By Carol McCracken (Post # 2,235)
The city’s finance committee met this evening to continue the conversation on Mayor Michael Brennan’s goal of implementing a citywide minimum wage. This conversation began last spring when Mayor Brennan convened a task force to work out the details of such an ordinance with the now unlikely intention of having the city council vote on it by the end of this year, at the latest.
As outlined in a memorandum from acting city manager Sheila Hill-Christian and city corporation counsel Danielle West-Chuhta dated November 20th, the minimum wage would be $9.50 an hour starting July 1, 2015; $10.10 starting January 1, 2016 and $10.68 starting January 1, 2017 for those over 18 years of age, unless they are seeking academic credits. Following that, future increases would by determined by the Consumer Price Index for All Urban Consumers.
Mayor Brennan responded to questions previously posed by Finance Committee members. Complaints about failure to comply with the ordinance could be filed with the city manager and then referred to city counsel. The city does have the legal authority to raise the minimum wage, although it could be challenged in a court of law. There is no precedent for that. The Mayor said that most employers are paying more than the minimum wage, but just how much more is hard to know. He said there is no evidence that such a wage increase would cause job losses.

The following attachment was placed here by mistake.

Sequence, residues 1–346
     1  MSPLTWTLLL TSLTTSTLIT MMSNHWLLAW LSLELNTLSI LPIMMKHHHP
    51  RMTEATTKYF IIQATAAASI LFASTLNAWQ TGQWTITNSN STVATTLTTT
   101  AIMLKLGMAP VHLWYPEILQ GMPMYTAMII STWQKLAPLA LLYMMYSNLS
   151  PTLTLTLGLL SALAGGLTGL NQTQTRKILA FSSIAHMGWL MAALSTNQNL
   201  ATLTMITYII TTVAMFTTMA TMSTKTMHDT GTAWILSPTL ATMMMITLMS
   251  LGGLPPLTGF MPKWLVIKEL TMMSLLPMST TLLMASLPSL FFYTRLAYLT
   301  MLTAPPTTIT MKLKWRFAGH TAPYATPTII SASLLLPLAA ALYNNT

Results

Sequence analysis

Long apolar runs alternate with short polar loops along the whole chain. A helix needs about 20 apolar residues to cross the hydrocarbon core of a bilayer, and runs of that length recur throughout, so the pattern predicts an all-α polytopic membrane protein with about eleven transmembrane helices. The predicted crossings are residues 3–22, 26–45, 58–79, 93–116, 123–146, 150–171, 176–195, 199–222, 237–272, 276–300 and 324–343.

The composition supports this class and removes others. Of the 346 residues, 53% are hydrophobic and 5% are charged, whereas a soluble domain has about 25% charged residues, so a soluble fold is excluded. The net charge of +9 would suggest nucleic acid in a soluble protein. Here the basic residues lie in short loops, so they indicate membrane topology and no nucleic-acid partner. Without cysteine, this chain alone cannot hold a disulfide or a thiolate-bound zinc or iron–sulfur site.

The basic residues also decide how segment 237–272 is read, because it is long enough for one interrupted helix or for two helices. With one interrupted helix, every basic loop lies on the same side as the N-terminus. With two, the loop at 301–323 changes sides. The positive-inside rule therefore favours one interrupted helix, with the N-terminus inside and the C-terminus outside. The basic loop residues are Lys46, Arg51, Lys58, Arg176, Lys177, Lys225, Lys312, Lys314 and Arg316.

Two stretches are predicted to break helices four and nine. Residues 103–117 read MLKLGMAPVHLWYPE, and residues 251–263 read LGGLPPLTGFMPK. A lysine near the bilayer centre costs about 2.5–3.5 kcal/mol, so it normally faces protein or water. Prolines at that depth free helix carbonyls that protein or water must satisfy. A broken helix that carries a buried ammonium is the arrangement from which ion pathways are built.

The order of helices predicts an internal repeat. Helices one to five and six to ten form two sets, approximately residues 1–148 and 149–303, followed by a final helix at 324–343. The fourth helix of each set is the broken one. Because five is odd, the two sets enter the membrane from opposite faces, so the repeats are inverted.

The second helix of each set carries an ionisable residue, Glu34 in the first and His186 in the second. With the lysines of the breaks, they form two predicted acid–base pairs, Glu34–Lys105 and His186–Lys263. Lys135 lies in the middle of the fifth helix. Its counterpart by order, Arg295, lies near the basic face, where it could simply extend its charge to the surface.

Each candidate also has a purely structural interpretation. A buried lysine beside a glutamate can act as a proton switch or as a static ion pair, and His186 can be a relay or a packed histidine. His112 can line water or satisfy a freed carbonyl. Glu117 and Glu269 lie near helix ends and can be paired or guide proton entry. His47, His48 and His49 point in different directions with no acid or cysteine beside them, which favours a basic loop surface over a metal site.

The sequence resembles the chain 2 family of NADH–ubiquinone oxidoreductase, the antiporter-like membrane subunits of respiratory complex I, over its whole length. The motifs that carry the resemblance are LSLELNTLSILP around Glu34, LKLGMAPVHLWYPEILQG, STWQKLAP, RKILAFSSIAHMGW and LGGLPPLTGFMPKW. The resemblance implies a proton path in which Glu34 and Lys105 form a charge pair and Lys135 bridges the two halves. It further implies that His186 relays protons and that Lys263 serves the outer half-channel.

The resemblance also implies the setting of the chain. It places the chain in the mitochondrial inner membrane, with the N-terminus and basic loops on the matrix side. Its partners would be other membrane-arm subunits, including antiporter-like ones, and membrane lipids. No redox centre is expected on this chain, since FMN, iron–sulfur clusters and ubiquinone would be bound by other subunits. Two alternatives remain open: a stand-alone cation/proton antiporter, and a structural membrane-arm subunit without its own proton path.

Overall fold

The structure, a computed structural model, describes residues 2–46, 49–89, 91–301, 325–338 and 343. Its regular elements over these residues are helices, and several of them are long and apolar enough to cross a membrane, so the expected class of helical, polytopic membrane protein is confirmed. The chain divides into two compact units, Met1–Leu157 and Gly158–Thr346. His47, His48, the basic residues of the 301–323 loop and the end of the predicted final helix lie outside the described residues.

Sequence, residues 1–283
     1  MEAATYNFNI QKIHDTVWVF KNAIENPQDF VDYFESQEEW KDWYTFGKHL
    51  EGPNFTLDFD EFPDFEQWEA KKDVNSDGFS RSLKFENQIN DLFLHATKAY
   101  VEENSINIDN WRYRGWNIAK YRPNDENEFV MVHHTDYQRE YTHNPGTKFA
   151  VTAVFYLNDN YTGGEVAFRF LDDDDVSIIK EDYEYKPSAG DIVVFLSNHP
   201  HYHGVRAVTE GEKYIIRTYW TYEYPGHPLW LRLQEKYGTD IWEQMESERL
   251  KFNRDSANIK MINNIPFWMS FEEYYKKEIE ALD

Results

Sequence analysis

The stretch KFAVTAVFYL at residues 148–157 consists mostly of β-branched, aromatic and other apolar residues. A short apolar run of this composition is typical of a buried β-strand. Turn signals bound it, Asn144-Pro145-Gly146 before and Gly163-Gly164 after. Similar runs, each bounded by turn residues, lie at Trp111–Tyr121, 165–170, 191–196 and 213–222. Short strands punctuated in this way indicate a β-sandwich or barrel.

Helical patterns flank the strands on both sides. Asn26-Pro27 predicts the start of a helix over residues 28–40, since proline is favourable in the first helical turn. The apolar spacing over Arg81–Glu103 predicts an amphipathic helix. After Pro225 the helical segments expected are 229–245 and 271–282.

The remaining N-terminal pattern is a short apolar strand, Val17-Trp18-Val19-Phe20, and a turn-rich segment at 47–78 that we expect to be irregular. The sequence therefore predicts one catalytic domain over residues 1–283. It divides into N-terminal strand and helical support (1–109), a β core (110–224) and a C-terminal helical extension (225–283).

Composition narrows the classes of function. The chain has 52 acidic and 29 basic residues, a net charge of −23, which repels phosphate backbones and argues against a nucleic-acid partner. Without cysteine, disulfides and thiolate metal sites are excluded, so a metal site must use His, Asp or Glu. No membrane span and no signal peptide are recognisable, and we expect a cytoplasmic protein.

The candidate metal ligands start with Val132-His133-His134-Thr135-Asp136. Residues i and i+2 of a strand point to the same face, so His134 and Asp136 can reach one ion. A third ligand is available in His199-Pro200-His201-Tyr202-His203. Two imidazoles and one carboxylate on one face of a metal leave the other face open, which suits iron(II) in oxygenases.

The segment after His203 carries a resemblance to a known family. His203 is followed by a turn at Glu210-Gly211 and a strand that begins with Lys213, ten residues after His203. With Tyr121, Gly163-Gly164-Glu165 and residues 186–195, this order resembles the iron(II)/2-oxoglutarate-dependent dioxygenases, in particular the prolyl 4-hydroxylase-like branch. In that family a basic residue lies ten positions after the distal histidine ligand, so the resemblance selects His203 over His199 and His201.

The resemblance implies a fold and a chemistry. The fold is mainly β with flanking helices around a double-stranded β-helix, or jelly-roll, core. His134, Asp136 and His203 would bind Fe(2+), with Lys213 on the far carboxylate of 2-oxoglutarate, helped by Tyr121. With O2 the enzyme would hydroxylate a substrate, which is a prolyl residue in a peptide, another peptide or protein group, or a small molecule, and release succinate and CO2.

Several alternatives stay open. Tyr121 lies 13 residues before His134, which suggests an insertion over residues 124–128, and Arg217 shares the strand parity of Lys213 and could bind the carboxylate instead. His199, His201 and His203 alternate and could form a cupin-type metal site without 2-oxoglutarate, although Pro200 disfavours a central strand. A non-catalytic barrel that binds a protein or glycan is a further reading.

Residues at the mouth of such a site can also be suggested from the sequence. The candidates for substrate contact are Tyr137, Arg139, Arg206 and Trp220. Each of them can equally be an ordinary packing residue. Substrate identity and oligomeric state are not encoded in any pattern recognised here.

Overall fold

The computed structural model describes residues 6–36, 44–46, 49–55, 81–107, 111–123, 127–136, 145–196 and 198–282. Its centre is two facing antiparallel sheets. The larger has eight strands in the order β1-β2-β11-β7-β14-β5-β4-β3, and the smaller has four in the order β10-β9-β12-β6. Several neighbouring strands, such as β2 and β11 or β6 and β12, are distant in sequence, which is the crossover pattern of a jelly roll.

Greg Dugal, of the Maine Restaurant Association, said this issue should be a federal or state matter, that it is too much too fast and there will have to be wage adjustments. Chris O’Neil, of the Portland Community Chamber, cautioned the committee against creating a monster. “Some believe that minimum wage increases is a wave sweeping across the country but that is not correct,” he said. However, since President Obama called for a minimum wage increase in early 2013, thirteen (13) states and the District of Columbia have passed increases to their minimum wage. Cities like Philadelphia, Louisville and St. Louis have raised their minimum wage. O’Neil recommended making the decision by referendum. Curtis Picard, Executive Director, of the Retail Association of Maine asked the Mayor what he would do to lower the costs of businesses in the city. He also objected to using the Consumer Price Index because “it only goes up.” Chris Jones, of the Maine Restaurant Association, warned that if this ordinance passes, “restaurants would flee the city.” He reasoned that since restaurants are the backbone of the Portland economy, they deserve special consideration. On and on and on it went- ad nauseam – trying to punch holes in a thoughtfully crafted ordinance.
Steve DiMillo, of DiMillo’s Restaurant, said the wait staff “are the highest earners in a restaurant.” The ordinance would cost him $139,000. “Where am I going to get that?” he asked puzzled.
The next meeting of the finance committee is on December 11th. Two members of the committee were absent so there was no quorum. As a result, no votes could be taken at tonight’s meeting.